Last edited by jonreading : 10-03-2013 at 08:15 AM.

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Old 10-03-2013, 08:16 AM   #84
phitruong
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Re: The Way of Aiki

Quote:
Rupert Atkinson wrote: View Post
So ... aiki.
What is it?
aiki, in chinese, is hua jin. found this article sufficiently describe it http://latcmwellnesscenter.com/184.html . by the way, there can be only one jin.

Quote:
Have you felt it?
yes. from a few in aikido and a few outside of aikido.

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Can you do something you think might be aiki?
yes. don't have to think. i know i do.

Quote:
Do you have the means to develop it?
yes. based on the teaching from a bunch of internal folks that taught me.

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Are you searching, or remain just content to be 'told'?
always searching and questioning. never be happy with what you got; otherwise, you won't learn and get complacent and developing some sort of aiki-god complex. btw, i am an aikigod, especially, when i do pair ribbon dance with Jon in tights.

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Have you sussed anything interesting?
yes. too many to discuss here.

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Have you discerned any interesting principles that you can apply across a range of waza?
yes. many principles that i can apply to all of my martial arts practice.

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Can you move people that resist?
yes. and depends on their skill level. can't move folks who are better than i am.

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Can you take people's balance with subtle craft?
yes. and depends on their skill level. can't do it to folks who are better than i am.

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Or ... are you just training and hoping one day ... It'll just happen?
it happens. you just have to work for it and do it in a methodical manner. and testing it out on unsuspecting aikido folks.

"budo is putting on cold, wet, sweat stained gi with a smile and a snarl" - your truly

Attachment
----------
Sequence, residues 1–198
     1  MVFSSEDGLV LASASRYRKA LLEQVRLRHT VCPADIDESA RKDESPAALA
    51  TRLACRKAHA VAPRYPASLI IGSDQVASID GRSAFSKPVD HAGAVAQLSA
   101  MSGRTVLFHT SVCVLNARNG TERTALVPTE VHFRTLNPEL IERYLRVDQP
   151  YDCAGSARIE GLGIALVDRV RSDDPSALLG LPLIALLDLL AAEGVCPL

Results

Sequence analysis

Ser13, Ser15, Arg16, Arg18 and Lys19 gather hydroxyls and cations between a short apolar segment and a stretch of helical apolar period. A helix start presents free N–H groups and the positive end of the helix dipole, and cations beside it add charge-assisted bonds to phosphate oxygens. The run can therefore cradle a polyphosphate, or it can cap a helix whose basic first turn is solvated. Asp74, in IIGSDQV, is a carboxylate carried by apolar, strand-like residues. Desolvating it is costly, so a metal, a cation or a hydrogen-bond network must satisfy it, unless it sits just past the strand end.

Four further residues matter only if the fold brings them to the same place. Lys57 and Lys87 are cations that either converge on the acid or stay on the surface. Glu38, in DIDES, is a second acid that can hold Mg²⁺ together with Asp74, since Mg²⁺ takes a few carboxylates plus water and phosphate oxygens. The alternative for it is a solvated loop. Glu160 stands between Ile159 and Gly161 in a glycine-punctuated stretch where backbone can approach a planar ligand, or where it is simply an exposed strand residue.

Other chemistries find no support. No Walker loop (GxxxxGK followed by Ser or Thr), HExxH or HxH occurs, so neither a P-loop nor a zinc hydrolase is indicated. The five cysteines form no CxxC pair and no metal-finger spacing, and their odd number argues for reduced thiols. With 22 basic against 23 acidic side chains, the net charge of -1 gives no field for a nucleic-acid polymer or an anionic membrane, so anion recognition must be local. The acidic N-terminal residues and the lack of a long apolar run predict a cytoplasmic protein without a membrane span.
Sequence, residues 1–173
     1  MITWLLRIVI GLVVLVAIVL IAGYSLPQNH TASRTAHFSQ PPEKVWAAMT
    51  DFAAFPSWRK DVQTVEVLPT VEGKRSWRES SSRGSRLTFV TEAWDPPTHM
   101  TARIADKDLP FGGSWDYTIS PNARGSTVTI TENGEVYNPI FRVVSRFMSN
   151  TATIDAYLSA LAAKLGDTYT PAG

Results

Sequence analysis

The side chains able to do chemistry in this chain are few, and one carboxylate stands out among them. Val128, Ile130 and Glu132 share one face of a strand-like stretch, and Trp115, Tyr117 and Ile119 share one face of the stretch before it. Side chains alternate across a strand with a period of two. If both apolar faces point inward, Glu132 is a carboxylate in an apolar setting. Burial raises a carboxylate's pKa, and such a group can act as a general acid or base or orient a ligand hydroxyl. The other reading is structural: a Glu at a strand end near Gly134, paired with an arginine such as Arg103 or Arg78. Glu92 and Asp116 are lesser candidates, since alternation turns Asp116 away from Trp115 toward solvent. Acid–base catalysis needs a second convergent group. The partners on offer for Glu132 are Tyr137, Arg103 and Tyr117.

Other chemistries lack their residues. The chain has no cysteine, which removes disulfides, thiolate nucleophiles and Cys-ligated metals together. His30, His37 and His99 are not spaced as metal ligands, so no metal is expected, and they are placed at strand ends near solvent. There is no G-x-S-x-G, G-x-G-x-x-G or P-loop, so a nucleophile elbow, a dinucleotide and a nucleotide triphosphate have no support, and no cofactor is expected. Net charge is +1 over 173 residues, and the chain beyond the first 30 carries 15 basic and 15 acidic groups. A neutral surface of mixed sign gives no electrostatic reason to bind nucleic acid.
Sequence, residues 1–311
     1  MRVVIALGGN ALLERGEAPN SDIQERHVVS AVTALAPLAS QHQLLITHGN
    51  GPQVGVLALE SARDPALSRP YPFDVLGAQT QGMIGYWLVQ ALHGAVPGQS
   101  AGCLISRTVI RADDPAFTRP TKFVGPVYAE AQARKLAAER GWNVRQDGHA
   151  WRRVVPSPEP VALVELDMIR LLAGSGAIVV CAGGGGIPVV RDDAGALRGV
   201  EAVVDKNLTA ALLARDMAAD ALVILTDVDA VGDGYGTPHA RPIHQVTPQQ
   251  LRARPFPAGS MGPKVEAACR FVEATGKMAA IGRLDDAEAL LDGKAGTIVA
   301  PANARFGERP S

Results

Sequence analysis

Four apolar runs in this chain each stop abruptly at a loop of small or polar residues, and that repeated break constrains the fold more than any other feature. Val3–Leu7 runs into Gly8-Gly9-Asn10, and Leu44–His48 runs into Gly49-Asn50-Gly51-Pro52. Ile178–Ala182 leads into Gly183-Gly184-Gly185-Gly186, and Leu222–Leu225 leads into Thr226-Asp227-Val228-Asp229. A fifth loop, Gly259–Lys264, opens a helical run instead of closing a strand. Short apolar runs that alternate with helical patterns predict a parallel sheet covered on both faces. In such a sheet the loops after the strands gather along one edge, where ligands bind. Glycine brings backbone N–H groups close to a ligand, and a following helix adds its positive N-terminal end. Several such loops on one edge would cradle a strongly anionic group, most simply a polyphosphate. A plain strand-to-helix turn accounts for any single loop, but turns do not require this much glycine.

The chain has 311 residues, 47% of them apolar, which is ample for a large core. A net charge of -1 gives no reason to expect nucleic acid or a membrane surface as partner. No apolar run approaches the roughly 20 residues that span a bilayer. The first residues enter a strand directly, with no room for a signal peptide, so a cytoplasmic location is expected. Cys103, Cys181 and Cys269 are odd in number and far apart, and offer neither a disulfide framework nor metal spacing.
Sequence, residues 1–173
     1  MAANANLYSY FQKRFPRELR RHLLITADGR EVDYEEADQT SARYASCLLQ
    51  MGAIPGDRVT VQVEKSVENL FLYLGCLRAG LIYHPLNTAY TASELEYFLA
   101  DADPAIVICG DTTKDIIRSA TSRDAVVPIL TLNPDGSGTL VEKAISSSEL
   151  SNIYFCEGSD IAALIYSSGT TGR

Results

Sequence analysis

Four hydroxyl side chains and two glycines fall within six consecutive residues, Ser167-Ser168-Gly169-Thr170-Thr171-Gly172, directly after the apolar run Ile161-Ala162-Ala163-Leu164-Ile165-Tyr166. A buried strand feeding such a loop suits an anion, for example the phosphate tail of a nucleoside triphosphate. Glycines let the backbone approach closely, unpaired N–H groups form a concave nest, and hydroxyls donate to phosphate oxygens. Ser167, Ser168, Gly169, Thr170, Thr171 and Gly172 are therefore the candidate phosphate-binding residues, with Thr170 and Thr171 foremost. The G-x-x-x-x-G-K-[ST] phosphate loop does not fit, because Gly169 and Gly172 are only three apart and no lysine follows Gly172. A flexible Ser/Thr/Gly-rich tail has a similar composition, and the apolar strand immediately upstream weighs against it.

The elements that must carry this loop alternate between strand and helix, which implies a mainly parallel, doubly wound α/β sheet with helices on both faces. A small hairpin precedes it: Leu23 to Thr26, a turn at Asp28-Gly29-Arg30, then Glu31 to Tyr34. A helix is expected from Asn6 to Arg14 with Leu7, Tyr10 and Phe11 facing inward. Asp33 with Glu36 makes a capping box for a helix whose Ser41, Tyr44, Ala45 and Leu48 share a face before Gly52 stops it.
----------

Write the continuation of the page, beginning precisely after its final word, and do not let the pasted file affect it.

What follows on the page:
http://charlotteaikikai.org
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Old 10-03-2013, 08:45 AM   #85
Cliff Judge
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Re: The Way of Aiki

I really don't understand why you folks spend so much energy having non-factual conversations about your things.

Quote:
I started my morning with exercises that condition my cardiovascular capacity. Moving blood through my veins at a higher than resting rate and moving more air into and out of my lungs, and breaking a little bit of sweat. I then moved onto exercises that strengthen the muscles around the core of my body. Tensing and releasing muscle groups. I finished off with exercises that lengthen major muscle groups in my arms and legs. Increased cardio capacity improves my heart's ability to function at rest, and warm, lengthened muscles are less prone to injury as I move about my day!
There now I can claim that I have provided all the details of my morning workout. If anyone were to say that I did not provide any type of actual description of what I did I will simply tell them that there have been many many threads on the subject you should use the search button. As well, there are plenty of teachers out there doing This Stuff and you have plenty of opportunities to go find out about it yourself.

At any rate, describing what i actually did is impossible because you have to do it to know what it is.
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Old 10-03-2013, 09:29 AM   #86
sakumeikan
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Re: The Way of Aiki

Quote:
Benjamin Edelen wrote: View Post
In case anyone was inclined to believe the above spin, the actual reason is that folks at seminars are asked not to discuss the material online in an attempt to keep it exclusive and monetizable. Most of the threads on this subject are marketing dressed up as discussion. Personally, I very much look forward to a frank discussion of training modalities instead.
Dear Ben,
On the one hand we have people on this forum who state that D.H wants his student to inform others[unless I am reading things incorrectly ].At the same time as far as I am aware nobody has given specifics or any actual examples of what is being shown.You get some guys saying they are integrating DHs stuff in their own practice.Wonderful, why do these guys not give us an idea of what D.H is all about.Maybe if we got a clue to whats being shown[a video snip for example]D.H. might find his workload would increase?Could the I/S guys be in a clique???Is it like a Masonic Order? Do you need to sign a document in blood? Do you swear on the Talmud,/Bible or any other holy book, not to reveal the secrets, on pain of death /or sitting through a repeat showing of the Man from Atlantis?? Cheers,Joe.